My first writing retreat (during a pandemic nonetheless!)

By Laura

YouAlberta
Dec 2, 2020 · 5 min read
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Before November, I had never attended a writing retreat before, so I had a vague and slightly mythical idea of what a writing retreat actually was. I’ve heard grad friends mention them in passing, but no one ever elaborated on what writing retreats are or what they are like. Since I am now working on my master’s thesis (check out my tips for starting to write a thesis), I thought it was time to try one out. I was very happy when FGSR announced that they were still going to hold a fall writing retreat, even though there is currently a global pandemic! Due to COVID, the retreat was held over Zoom to remain safe. Now, I know that since it was online, my experience in a writing retreat isn’t standard. But I wanted to share my experiences in case anyone, like me, is curious about writing retreats (especially virtual ones) and wants to know more!

First, I wasn’t really sure what to expect and was a bit nervous leading up to the retreat. Was I going to be the only person who had no idea what was happening? Was everyone else going to be much farther through their thesis and I the only one just starting? Was I going to have to tell everyone about my research? What if my research isn’t as advanced as theirs? Was a writing retreat just for people finishing their thesis? Was I too far behind? I was hoping that the retreat was going to be a space where I could focus, where I could just dedicate myself to writing (and you know, the bit of research I still have left to do…).

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All of my worries and nerves went away as soon as the retreat started. Sitting at my desk in my own home, with my laptop set up in front of me and a glass of water waiting at the ready, the FGSR staff were smiley and sweet and welcomed us all to the first virtual writing retreat through FGSR. The retreat started off with a 20 minute presentation on constructing paragraphs by an advisor from the Academic Success Centre. This was an incredibly useful presentation, and the tips and tricks I learned from the presentation are things I will absolutely apply to my thesis!

The rest of the day after the presentation was dedicated to working on our thesis projects independently. We all turned off our cameras and muted our mics and worked until the last 30 minutes of the retreat. Some people left the Zoom call at that point but others, including myself, stayed. I found it really nice to have the accountability of knowing that others were on my screen working on their projects to keep me working on mine. At the end we had a 30 minute debrief where we broke into breakout rooms on Zoom and chatted about whether we found the day productive or not. It was really nice to chat with other grad students in various different stages of writing. I realized that writing retreats are for everyone in any stage of writing. There were people in my group finishing off their theses and there were people who, like me, were just starting their writing journey.

The rest of the retreat followed a very similar layout, with the presentation at the beginning of each day all pertaining to grad student life and thesis writing. Each presentation was very helpful and I thoroughly enjoyed all of them. On the final day we were led through office yoga, which I really enjoyed because I usually end up hunched over my desk like a shrimp for eighteen hours a day and forget to actually move my body….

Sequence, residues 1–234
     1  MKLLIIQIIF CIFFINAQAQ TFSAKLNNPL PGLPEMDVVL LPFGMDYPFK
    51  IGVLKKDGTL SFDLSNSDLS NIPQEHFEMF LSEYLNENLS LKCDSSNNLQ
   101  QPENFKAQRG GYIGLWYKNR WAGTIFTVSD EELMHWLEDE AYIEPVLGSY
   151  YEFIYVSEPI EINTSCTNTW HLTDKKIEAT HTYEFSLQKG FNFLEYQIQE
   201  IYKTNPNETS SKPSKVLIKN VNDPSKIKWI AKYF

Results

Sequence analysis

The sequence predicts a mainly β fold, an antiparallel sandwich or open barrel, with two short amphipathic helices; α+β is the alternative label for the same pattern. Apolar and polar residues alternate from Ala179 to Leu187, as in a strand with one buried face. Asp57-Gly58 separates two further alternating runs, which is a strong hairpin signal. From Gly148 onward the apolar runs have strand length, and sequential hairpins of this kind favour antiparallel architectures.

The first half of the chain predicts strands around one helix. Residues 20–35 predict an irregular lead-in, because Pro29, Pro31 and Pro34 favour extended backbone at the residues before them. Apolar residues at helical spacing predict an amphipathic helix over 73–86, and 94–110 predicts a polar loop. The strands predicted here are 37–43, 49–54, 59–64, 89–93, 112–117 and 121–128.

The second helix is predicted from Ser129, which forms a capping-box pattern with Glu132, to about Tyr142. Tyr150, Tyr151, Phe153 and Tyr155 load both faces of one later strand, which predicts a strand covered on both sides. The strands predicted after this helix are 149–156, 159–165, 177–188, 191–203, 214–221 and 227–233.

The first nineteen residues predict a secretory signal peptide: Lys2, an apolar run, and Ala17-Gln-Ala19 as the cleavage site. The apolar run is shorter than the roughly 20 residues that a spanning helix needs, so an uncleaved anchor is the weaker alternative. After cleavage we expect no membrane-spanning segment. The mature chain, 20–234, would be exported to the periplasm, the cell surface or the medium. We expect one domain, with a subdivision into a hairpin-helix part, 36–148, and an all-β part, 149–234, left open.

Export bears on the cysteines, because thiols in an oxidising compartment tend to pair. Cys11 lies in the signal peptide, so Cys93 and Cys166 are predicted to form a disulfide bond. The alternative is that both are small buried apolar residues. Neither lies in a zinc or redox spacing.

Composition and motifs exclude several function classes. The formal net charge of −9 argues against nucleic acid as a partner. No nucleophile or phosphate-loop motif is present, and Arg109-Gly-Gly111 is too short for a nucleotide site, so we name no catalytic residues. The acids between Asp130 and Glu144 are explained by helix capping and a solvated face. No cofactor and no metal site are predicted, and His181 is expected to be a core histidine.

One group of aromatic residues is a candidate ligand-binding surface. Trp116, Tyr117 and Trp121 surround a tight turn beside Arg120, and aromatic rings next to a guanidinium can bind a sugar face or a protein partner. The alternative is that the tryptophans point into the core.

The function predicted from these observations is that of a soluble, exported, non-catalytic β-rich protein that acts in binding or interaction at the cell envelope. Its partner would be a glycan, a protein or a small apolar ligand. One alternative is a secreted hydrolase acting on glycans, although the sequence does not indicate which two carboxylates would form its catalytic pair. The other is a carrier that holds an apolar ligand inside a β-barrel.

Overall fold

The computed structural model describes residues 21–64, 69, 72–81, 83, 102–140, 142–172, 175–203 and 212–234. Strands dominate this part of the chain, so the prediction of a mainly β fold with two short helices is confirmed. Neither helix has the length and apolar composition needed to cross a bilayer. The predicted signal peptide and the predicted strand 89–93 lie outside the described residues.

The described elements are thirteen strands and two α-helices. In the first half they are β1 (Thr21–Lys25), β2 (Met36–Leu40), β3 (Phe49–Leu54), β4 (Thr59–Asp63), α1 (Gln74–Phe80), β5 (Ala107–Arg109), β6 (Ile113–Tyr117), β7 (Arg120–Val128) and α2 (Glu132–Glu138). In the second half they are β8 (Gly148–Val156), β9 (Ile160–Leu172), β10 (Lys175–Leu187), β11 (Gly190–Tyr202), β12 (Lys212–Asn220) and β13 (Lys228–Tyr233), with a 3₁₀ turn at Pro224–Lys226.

Part of this retreat also included a personalized one hour session with an advisor from the Academic Success Centre. My session was super helpful. The advisor gave me lots of tips and advice for how to stop procrastinating, start writing, get a draft out, and more. I felt much more confident after my session, which really helped with the rest of the week’s writing. It was so helpful that I’m sure I’ll be making another appointment once I’m further along in my writing process!

[Editor’s note: Read about Alex’s experience with the Academic Success Centre for more information.]

In the end, I didn’t end up being as productive as I had hoped. Day two was especially hard for me which was a bit frustrating as I had had a wonderful day one! Overall, while I was able to work on the bit of research I had left, I didn’t get much writing done. But that was my own fault! I struggle to stay focused at home (I really miss my office on campus…) and I was hoping this retreat would help. The next steps for me is to create a dedicated space and time to work every day. Hopefully that will help me focus and not get distracted by things like my fridge and couch.

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While this event was wonderful and FGSR did everything they could to make this a successful retreat, it was still online and I think I would have benefited more from an in-person retreat. The feeling of having a physical space that is dedicated solely to writing would be really beneficial for me as I have a tendency to get distracted sitting at my desk in my apartment. Screen fatigue is also a big issue with in-person retreats and, while FGSR tried to mitigate that (like letting us keep our cameras off if we wanted to), it was still hard to deal with (check out my article on screen fatigue for advice). I definitely think I’ll try an in-person retreat once it is safe again to do so!

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